ARIN-PPML Message

[ppml] Policy Proposal 2004-7: Residential Customer Privacy Policy - abandoned

The ARIN Advisory Council (AC), acting under the provisions of the ARIN
Internet Resource Policy Evaluation Process (IRPEP), has reviewed policy
proposal 2004-7: Residential Customer Privacy Policy and has determined
that there is no community consensus in favor of the proposal and should thus be abandoned.  The AC
made this determination at their meeting at the conclusion of the ARIN
Public Policy meeting in October, 2004.  Minutes of this meeting are
available at http://www.arin.net/library/minutes/ac/ac2004_1021.html.

In order for this proposal to be further considered the author must use
the last call petition process as defined in the ARIN Internet Resource
Policy Evaluation Process.  This policy will be considered to be abandoned
if the author of the proposal does not initiate a last call petition by
12:00 Noon, Eastern Time, December 20, 2004.

The current policy proposal text is provided below and is also available
at http://www.arin.net/policy/2004_7.html.

The ARIN Internet Resource Policy Evaluation Process can be found at
http://www.arin.net/policy/ipep.html.

Regards,

Member Services
American Registry for Internet Numbers (ARIN)

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Policy Proposal 2004-7: Residential Customer Privacy Policy

Author: William Leibzon

Policy statement:

An organization with downstream residential customer who is not engaged in
business activities may substitute that organization's name for the
customer's name, e.g. 'Private customer - XYZ Network', and the customer's
street address may read 'Private Residence'. Each private downstream
residential reassignment must be less then or equal to 128 ips and have
accurate upstream Abuse and Technical POCs visible on the WHOIS record for
that block.

Rationale:

The intent of residential customer privacy was to allow private citizens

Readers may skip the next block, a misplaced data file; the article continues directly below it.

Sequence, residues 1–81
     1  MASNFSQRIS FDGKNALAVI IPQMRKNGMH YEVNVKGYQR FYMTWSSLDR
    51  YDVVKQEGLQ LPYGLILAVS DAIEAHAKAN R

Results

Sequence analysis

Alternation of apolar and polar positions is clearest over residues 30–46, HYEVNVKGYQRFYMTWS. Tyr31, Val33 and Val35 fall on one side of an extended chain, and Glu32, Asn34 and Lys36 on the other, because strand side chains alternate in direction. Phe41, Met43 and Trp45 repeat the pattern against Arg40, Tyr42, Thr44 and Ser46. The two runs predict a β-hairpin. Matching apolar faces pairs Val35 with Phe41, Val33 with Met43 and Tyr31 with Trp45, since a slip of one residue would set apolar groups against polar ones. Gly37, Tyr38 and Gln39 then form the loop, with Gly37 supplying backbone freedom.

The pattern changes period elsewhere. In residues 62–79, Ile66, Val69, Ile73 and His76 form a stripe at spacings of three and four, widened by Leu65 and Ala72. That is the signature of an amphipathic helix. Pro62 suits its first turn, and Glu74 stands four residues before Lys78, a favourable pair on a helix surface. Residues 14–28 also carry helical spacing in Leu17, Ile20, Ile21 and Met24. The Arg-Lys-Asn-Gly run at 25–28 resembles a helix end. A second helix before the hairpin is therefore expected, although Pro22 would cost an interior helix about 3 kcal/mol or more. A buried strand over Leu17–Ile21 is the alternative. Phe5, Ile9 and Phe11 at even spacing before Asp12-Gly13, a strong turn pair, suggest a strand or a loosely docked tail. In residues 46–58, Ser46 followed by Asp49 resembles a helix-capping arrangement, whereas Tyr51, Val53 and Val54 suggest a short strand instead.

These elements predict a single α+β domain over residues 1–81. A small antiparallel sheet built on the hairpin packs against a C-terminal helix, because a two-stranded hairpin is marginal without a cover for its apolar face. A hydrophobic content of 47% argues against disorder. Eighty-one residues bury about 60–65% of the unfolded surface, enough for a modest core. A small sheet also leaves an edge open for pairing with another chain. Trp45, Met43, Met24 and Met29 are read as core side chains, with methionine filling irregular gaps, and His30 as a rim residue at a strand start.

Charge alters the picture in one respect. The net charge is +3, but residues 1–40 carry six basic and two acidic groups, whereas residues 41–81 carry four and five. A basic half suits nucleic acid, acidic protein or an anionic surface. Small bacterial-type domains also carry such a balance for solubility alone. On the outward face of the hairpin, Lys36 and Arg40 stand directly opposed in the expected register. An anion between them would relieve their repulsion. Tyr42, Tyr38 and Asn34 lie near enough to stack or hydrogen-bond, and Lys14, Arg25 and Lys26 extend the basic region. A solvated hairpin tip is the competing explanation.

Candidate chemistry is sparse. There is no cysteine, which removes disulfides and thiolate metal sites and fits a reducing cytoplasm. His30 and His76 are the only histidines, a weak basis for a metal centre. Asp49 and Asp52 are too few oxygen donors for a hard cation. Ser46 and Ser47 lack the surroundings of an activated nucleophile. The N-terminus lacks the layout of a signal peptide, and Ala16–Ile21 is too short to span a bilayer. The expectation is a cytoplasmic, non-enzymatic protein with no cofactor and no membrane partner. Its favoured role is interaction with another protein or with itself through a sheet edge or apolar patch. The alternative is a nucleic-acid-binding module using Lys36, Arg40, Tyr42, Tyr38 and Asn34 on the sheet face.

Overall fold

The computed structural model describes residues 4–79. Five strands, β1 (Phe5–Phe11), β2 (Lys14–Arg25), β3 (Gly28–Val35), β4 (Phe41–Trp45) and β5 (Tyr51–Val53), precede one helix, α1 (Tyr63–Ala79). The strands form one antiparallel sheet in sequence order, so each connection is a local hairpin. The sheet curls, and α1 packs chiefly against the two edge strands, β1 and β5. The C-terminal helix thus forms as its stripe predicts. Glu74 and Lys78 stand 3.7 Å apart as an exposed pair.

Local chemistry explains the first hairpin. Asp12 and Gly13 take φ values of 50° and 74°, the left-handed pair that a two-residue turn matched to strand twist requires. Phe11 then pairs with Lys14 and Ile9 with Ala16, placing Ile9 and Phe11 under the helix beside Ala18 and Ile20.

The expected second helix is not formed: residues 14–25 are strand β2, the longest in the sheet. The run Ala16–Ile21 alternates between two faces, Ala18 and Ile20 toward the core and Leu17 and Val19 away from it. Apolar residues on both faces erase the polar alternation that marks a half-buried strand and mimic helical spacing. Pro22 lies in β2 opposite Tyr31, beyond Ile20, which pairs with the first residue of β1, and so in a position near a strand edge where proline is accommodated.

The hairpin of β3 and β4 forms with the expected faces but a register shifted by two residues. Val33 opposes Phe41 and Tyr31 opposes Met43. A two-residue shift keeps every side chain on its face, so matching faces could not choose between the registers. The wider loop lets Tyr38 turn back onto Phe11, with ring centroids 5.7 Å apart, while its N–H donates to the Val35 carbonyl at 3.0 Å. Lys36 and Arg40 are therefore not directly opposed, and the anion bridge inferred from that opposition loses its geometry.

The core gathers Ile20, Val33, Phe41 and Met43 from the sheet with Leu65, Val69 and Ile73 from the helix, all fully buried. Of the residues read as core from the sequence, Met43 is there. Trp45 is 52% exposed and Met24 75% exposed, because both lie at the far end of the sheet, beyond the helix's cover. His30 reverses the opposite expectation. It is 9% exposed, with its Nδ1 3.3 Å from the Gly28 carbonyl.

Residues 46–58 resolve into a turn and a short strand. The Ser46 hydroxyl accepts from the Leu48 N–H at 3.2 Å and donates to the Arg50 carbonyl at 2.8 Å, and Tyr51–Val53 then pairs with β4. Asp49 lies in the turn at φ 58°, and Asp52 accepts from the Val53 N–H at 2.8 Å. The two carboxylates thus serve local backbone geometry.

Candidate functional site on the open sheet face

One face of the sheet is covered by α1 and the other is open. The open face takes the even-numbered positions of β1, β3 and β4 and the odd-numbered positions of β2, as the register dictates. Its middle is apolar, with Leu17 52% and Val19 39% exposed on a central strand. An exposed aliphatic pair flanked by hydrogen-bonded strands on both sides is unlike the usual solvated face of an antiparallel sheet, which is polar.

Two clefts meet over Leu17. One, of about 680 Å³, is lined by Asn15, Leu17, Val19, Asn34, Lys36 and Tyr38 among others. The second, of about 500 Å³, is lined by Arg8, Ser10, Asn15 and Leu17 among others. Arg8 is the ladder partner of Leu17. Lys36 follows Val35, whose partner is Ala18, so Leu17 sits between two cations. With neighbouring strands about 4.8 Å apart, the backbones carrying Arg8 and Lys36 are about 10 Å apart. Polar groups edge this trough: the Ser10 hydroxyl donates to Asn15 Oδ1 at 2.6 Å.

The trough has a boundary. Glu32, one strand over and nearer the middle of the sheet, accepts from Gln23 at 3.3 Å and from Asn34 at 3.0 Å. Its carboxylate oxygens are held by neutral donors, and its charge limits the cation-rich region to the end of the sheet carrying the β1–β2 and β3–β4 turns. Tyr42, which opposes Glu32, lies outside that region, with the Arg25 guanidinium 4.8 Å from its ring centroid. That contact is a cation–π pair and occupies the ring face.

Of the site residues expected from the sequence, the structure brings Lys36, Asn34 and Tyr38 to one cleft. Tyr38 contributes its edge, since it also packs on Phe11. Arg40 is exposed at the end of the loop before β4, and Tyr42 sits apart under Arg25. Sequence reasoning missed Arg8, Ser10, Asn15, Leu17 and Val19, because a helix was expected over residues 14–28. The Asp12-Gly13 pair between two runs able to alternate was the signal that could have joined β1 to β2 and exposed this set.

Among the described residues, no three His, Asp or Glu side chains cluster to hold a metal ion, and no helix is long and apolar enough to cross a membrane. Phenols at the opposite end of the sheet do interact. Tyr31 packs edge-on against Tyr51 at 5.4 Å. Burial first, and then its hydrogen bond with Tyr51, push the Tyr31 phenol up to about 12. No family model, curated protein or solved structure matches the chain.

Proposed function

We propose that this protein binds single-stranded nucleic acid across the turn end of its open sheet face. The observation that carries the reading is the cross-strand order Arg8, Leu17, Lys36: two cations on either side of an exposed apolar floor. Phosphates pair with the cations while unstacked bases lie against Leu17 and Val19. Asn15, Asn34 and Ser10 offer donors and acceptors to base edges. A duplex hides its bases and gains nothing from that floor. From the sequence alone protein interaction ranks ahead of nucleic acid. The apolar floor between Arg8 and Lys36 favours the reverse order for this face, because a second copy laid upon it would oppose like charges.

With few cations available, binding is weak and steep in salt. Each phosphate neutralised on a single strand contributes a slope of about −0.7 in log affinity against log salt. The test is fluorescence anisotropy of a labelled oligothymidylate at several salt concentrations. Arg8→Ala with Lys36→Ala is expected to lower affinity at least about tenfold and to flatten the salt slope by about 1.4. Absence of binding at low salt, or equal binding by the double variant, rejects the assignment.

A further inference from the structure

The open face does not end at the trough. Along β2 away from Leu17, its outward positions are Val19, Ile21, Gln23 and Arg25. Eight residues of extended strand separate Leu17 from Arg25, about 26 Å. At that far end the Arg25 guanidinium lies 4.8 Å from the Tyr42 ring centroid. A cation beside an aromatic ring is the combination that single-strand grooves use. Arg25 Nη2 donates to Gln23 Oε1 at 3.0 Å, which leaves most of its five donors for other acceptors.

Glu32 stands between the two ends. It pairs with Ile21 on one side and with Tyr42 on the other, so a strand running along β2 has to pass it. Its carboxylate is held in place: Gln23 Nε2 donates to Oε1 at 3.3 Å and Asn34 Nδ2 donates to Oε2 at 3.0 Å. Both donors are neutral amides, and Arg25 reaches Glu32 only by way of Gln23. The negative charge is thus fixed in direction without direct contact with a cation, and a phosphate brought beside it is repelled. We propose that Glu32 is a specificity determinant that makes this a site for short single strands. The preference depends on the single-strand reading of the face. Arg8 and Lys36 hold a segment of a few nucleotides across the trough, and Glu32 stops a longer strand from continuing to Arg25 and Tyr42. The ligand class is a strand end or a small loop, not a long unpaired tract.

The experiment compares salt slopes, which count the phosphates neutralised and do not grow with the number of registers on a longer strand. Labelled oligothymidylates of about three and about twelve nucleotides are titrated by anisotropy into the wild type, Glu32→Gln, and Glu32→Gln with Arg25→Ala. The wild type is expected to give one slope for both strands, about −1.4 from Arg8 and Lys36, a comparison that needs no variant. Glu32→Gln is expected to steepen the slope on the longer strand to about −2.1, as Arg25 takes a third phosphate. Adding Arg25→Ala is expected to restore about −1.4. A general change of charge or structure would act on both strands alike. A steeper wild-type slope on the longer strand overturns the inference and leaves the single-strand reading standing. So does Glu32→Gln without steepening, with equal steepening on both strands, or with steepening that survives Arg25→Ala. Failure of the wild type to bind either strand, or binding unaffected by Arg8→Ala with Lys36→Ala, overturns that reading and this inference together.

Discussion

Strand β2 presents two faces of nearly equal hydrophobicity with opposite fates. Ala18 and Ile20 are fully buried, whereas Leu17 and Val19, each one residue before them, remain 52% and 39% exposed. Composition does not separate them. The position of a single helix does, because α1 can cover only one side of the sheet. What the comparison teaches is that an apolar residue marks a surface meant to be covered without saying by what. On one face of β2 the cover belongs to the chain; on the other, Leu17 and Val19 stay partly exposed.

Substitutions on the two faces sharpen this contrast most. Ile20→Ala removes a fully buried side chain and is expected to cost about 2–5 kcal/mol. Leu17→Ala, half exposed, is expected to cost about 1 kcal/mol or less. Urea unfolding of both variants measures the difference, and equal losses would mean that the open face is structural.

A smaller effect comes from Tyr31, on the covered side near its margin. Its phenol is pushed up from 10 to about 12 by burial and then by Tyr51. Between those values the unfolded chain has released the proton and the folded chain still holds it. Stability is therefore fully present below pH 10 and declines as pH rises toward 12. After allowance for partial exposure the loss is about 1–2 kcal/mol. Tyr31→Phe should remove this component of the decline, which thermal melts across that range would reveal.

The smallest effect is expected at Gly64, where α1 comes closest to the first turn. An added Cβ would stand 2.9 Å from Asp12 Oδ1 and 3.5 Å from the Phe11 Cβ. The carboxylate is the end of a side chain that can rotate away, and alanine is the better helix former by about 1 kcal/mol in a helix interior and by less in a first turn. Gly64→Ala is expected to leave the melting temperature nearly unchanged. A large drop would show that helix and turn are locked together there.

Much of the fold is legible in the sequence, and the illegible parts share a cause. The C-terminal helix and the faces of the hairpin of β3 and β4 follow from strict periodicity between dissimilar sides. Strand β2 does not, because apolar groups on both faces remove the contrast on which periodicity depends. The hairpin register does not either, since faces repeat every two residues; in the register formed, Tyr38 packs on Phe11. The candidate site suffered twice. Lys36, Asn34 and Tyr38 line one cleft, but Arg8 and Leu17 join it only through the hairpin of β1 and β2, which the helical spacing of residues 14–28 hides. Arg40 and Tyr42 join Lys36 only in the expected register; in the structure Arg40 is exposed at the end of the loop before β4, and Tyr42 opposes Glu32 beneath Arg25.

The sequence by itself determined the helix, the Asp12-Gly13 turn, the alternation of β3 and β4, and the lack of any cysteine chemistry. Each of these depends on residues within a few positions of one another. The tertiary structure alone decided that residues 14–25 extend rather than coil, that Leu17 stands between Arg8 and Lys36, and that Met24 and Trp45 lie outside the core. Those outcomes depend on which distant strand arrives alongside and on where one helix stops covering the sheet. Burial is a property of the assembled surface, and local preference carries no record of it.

to have privacy and safety in their personal life while being able to
request and use more then 8 ip addresses with residenial dsl line.

However soon after implementation it became clear that some of the ip
blocks being designated as "Private customer" are being used for business
purposes which is clearly seen by size of such reassignments as
69.111.160.0/22. While it is not unexpected that some people may run
business (including internet businesses) from their home, the laws regard
such activity as being similar to running business from small office and
usually require such businesses to receive a license from appropriate
local or state agency and to disclose the activity to the public, as such
different privacy rules apply in these situations.

This policy replaces current residential customer privacy 2003-3 and
requires that ISPs only designate reassignment whois data as "Private
Customer" if no business activity is involved with use of the ip block.

The limit for the reassignment is set to 128 ips as larger number of
computers in one residence is likely an indication of business activity
(as an example currently telephone companies allow up to 4 residential
telephone lines and if somebody needs larger number of telephone lines to
his home, those must be purchased as business telephone lines).
Additionally the amendment fixes small grammer error in current policy
text that involves incorrect use of plural and singular tenses.